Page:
The Immigration appeals division hears appeals on immigration-related matters, including sponsorship, removal orders and residency obligations.
Furthermore, we will also represent you in the following hearings:

  • Refugee
  • Detention Review
  • Inadmissibility


Sponsorship Appeals

If Citizenship and Immigration Canada has refused the application of a Canadian citizen or a permanent resident to sponsor the immigration of a close family member to Canada, the sponsor may appeal to the IAD. The sponsor has certain time after the refusal to appeal to the IAD, make sure that you do not miss the deadline.


Removal Order Appeals

Th permanent resident of Canada, a refugee, or a foreign national with a permanent resident visa who has been ordered removed from Canada, may appeal to the Immigration Appeal Division (IAD) of the Immigration and Refugee Board of Canada (IRB).


There are three types of removal orders: departure order, exclusion order, deportation order.


Residency Obligation Appeals 

Generally, the Immigration and Refugee Protection Act (IRPA) requires permanent residents to be physically present in Canada for at least 730 days out of every five years. If a permanent resident is outside Canada and a visa officer (also outside Canada) with Citizenship and Immigration Canada (CIC) finds that he or she has not met this residency obligation, the person may lose permanent resident status. The permanent resident may appeal the CIC decision to the Immigration Appeal Division (IAD) of the Immigration and Refugee Board of Canada (IRB). from CIC.

You may lose your permanent resident status if:

  • you do not live in Canada for two out of five years;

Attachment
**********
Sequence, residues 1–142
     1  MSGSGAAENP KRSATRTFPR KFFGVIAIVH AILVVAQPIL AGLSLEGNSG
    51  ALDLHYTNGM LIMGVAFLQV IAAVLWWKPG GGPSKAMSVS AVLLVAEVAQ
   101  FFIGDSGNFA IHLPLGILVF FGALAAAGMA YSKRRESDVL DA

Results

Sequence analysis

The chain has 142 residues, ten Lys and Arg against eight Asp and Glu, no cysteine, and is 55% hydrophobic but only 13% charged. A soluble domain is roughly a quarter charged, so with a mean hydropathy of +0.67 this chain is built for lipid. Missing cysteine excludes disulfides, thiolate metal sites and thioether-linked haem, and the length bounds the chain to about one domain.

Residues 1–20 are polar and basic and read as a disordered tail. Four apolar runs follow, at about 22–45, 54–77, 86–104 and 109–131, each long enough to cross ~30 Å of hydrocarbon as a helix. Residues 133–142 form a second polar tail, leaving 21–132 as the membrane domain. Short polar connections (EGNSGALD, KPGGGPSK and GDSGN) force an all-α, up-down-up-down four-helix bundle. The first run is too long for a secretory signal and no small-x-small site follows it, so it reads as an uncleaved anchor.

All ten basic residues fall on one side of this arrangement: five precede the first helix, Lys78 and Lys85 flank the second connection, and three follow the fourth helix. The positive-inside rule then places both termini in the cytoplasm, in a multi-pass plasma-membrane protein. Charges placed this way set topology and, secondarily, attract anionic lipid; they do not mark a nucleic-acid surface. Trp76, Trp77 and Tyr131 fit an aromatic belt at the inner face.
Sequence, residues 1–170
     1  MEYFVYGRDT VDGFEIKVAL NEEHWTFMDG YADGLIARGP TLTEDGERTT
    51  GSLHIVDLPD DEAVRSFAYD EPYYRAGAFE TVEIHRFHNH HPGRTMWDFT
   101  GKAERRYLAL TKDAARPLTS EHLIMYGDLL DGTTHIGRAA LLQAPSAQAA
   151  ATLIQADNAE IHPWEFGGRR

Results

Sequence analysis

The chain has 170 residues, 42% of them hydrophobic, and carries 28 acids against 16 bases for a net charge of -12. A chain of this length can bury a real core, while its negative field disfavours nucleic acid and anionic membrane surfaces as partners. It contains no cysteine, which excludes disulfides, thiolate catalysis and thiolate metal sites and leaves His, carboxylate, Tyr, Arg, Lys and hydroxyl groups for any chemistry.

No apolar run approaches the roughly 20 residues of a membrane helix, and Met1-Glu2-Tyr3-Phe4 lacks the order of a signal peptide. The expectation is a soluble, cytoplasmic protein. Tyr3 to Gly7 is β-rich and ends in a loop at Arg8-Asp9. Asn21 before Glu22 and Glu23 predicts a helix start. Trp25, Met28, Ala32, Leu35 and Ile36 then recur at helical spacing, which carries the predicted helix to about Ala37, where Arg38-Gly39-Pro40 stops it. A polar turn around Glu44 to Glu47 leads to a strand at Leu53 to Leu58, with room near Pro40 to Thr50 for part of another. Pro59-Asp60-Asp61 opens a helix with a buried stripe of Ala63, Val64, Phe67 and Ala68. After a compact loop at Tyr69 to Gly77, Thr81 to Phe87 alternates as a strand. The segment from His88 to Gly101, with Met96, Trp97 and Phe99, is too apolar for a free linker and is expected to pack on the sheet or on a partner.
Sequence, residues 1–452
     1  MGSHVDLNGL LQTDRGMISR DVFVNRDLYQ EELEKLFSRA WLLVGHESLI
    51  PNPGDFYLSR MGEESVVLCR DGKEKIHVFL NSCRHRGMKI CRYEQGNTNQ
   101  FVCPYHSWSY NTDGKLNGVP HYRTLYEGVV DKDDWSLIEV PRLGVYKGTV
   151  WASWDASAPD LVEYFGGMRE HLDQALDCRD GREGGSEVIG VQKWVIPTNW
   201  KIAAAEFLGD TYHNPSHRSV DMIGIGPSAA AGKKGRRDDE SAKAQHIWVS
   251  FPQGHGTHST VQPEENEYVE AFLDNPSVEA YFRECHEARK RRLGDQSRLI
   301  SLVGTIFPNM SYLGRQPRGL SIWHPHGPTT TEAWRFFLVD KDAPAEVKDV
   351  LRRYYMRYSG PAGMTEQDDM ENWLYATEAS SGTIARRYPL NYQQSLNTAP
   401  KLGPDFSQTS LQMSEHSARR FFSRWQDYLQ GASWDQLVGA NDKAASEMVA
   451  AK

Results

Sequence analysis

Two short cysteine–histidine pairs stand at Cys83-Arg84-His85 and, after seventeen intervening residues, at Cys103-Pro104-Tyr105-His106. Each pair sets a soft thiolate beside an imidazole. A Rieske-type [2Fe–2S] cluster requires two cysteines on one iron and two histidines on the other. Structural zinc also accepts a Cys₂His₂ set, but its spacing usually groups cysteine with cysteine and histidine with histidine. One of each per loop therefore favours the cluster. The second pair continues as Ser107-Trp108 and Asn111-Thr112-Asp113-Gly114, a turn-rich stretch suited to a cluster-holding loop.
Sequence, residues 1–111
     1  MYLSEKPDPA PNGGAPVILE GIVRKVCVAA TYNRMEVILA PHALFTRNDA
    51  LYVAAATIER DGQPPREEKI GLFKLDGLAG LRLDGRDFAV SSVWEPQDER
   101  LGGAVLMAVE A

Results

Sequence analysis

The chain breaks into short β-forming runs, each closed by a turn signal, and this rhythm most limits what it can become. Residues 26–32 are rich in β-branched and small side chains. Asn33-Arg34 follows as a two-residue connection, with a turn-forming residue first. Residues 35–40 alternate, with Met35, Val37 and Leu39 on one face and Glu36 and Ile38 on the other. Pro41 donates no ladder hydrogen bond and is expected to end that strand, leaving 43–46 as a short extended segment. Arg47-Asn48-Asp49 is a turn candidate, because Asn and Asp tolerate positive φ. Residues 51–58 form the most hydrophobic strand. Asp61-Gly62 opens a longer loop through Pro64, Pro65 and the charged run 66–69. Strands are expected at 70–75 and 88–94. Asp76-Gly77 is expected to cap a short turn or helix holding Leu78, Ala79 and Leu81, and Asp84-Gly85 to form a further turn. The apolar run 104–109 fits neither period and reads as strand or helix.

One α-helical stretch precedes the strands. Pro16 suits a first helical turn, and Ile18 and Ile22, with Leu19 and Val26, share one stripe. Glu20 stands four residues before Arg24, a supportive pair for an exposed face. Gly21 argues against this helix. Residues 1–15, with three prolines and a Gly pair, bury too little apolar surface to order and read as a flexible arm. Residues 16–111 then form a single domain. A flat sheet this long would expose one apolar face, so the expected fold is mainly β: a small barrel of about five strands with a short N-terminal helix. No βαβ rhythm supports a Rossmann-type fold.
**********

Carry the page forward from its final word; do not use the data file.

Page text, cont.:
• you are convicted of a serious crime and told to leave Canada; or
  • you become a Canadian citizen.


Refugee Appeals

If your refugee claim is rejected, you may appeal this decision to the RAD. However, you cannot appeal to the RAD in the following cases:

  • you are a Designated Foreign National (DFN)
  • your claim was referred as an exception to the Safe Third Country Agreement
  • the RPD decided that your claim is manifestly unfounded
  • the RPD decided that your claim has no credible basis
  • your claim was withdrawn or declared abandoned
  • your claim was referred to the IRB before the coming into force of the new refugee protection provisions


If your claim is rejected, you have to leave Canada. You may, where the law permits, request that the decision be reviewed.

In addition, other options may be available to you:


Pre-removal risk assessment
If you are told to leave Canada, you may be able to apply under this process. If so, an officer reviews the documents related to your case and any other evidence.

Apply to the Refugee Appeal Division at the Immigration and Refugee Board of Canada
If you received a negative decision on your refugee claim, you may be able to appeal to the Refugee Appeal Division (RAD) at the Immigration and Refugee Board of Canada. But some failed claimants are not eligible to apply. Find out more about the RAD.

Apply to the Federal Court of Canada for judicial review
You can have a lawyer ask the Federal Court of Canada to review the decision made on your case.

Humanitarian and compassionate grounds
In some exceptional circumstances, people are allowed to become permanent residents under these grounds.